ERIC Number: ED338649
Record Type: RIE
Publication Date: 1991-Sep
On Meaningful Measurement: Concepts, Technology and Examples.
Cheung, K. C.
This paper discusses how concepts and procedural skills in problem-solving tasks, as well as affects and emotions, can be subjected to meaningful measurement (MM), based on a multisource model of learning and a constructivist information-processing theory of knowing. MM refers to the quantitative measurement of conceptual and procedural knowledge with qualitative interpretations that should be rooted in a theory of knowing, model of difficult learning, classroom realities, and educational objectives as intended in the programs of study. Knowledge of the problem and search spaces of learning tasks, cognitive and affective schemes, alternative conceptions, and cognitive and procedural barriers contribute to an informed understanding of measurement of the process of development of pertinent cognitive and affective structures and their linkages. Metaphors of pigtails, bamboo stems, and competence ladders are heuristics used to describe these structures and linkages. Quantitative requirements of measurement are elaborated, and associated methodology is described, including focus group interviews, network and latent trait analyses, and dual scaling. Examples based on empirical data are presented. The progression of competence and affective schemes, affordability of problem tasks, conformity of test responses with conceptual and measurement models, simultaneity of conceptualization of a measure, and requirements of specific objectivity are hallmarks of MM. An agenda for a research program is also presented. Six figures and four tables illustrate the discussion. A 54-item list of references is included. (SLD)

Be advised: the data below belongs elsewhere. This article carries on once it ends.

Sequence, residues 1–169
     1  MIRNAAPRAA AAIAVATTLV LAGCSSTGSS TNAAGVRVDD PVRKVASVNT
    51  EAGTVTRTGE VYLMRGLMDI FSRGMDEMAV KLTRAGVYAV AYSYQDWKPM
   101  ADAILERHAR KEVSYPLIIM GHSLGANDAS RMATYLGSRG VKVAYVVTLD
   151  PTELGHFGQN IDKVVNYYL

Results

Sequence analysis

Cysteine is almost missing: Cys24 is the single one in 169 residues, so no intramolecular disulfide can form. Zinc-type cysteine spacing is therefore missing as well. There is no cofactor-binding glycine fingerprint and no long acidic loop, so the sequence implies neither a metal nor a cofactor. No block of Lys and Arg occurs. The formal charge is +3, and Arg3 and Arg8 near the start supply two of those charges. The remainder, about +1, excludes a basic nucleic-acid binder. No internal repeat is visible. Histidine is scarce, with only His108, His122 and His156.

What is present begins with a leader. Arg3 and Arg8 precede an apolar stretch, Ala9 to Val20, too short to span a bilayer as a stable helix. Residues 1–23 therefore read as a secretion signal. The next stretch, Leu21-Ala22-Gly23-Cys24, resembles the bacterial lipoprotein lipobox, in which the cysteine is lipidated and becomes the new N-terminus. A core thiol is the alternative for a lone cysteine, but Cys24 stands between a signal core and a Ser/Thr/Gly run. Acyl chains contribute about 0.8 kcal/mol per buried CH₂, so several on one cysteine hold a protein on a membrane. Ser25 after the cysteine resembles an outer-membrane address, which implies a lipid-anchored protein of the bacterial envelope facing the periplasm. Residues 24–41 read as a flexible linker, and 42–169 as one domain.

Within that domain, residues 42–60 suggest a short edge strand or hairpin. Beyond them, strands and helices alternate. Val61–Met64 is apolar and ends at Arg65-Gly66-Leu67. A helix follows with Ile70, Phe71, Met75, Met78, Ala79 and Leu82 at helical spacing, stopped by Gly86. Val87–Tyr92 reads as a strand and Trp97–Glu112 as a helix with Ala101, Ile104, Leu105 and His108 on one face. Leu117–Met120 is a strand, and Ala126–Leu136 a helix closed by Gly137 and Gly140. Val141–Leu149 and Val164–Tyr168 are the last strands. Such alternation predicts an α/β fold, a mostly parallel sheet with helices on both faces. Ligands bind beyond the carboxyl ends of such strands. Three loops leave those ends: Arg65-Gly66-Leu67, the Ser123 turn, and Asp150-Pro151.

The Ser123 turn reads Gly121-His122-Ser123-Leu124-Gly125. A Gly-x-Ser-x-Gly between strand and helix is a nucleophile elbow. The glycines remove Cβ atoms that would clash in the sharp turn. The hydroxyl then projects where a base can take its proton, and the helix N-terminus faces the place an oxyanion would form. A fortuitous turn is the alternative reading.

Publication Type: Reports - Evaluative; Speeches/Meeting Papers
Education Level: N/A
Authoring Institution: N/A
Note: Paper presented at the Regional Symposium on Educational Testing (Beijing, China, September 16-20, 1991).